Thoughts on the latest terror attack

In this time of unrest, let us listen to these wise words from people from all over the world and all across time. Let us remember that we have a choice.

“Heracles was journeying on a narrow road when he saw what looked like an apple on the ground. When he stepped on it, the object instantly became twice as big. Seeing the extraordinary growth, Heracles stepped on it with both feet and smashed it mightily with his club. As result, the thing expanded so rapidly it blocked the road. Heracles threw down his club and stared at it dumbfounded.

The goddess Athena appeared to him then and said, “Dear brother, leave that thing alone! It is the spirit of argument and disharmony. If you keep from touching it, it can do no harm. But, as you have seen, if you try to fight, it only grows greater.” – Fable of Aesop.

“Rabbi Akiva traveled with a donkey to lighten his load, a rooster to awaken him at dawn, and an oil lamp to study by at night. He trusted in God and believed that all God does is for the good. One day, God made it that Rabbi Akiva arrived at a town after the gates have been closed, so he had to sleep outside in the dangerous woods. When he, at last, sat down to study by the light of his lamp, a great wind arose and blew it out. So, saying to himself “All is for the good,” he lay down to sleep, confident that the rooster would wake him early the next morning.

But then a fox came and carried the rooster away. Rabbi Akiva said, “This too will be for the good,” and with that fell asleep. In the middle of the night, a lion pounced on the donkey and devoured the animal before it made a sound. Rabbi Akiva mourned over the life of his donkey, but saying “Everything is surely for the good,” he found joy and comfort and returned to a deep sleep.

When Rabbi Akiva awoke in the morning, he saw that the town had been attacked and burned to the ground. “See,” he said, “all is truly for the good. If I had gained entry into the town, or if my lamp had remained bright, or if my rooster had crowed, or my donkey had brayed, these attackers who destroyed the town would have certainly come after me, too!” – Traditional Jewish story.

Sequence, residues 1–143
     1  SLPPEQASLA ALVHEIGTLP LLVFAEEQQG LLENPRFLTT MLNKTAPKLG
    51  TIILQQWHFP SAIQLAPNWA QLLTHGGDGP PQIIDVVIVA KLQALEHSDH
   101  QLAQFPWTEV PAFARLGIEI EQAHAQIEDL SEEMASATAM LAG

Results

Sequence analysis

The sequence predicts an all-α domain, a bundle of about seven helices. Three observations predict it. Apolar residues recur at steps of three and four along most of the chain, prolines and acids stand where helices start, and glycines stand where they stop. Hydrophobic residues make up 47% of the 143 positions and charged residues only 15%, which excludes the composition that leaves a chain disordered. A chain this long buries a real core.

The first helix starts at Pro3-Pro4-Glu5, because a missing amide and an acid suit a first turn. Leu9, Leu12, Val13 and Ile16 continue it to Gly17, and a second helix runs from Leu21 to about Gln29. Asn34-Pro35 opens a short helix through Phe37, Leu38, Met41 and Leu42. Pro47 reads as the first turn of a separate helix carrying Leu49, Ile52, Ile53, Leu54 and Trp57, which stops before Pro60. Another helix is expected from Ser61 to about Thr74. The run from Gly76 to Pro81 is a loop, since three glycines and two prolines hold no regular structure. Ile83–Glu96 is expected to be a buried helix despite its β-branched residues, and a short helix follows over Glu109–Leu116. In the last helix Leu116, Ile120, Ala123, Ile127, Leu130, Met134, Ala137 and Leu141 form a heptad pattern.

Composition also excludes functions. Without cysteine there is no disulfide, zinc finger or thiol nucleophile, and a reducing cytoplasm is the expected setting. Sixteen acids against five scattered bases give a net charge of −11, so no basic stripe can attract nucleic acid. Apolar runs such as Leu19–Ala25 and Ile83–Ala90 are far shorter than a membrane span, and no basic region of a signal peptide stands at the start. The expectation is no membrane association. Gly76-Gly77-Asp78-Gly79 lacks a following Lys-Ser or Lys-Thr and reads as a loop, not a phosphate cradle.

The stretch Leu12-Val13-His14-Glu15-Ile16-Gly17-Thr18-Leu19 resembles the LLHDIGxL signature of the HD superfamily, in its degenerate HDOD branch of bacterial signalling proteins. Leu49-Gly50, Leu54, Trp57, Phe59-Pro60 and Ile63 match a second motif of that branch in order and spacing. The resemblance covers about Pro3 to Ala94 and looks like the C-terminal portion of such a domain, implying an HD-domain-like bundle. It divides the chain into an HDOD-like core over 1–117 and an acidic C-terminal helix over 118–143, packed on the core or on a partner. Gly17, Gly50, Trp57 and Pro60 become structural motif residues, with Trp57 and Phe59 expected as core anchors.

“Ambrosia can be extracted even from poison;
elegant speech even from a child;
good conduct even from an enemy;
gold even from impurity.”
-from the Laws of Manu (sacred text of Hinduism)

“How far that little candle throws his beams.
So shines a good deed in a naughty world.”
– William Shakespeare

“You have heard that it was said, An eye for an eye and a tooth for a tooth. But I tell you, don’t resist an evildoer. On the contrary, if anyone slaps you on your right cheek, turn the other to him also. As for the one who wants to sue you and take away your shirt, let him have your coat as well. Jesus of Nazareth (Matthew 5:38-40, HCSB translation)

“An eye for an eye leaves the whole world blind”
– Gandhi biographer Louis Fischer, summing up Gandhi’s view on the Hindu concept of “ahimsa”

We have a choice now. We are at a crossroads. We can choose life or death. We can choose to be present and aware. We can choose to love our neighbors. We can choose to not be afraid. We can choose to rise above, rise together. We can choose. We are not powerless.

This isn’t about race or religion or creed, not anymore. This has happened too often, in too many different ways. There have been more mass killings in this world than we can easily count. It has become our normal, this terror, this fear. Some male takes a gun and kills many people, all strangers, in a moment.

In the same way that it has become our present normal, it can become our past. This does not have to continue. All things change.

In the meantime, we must remember that we have a choice to remain calm. To listen to the stranger. To be open and welcoming. To forgive. To show love and compassion. We must remember that there are far more kind, compassionate, and loving people than we realize. They don’t get the press attention so we don’t notice them. Start looking for the good, and you will find it all around you.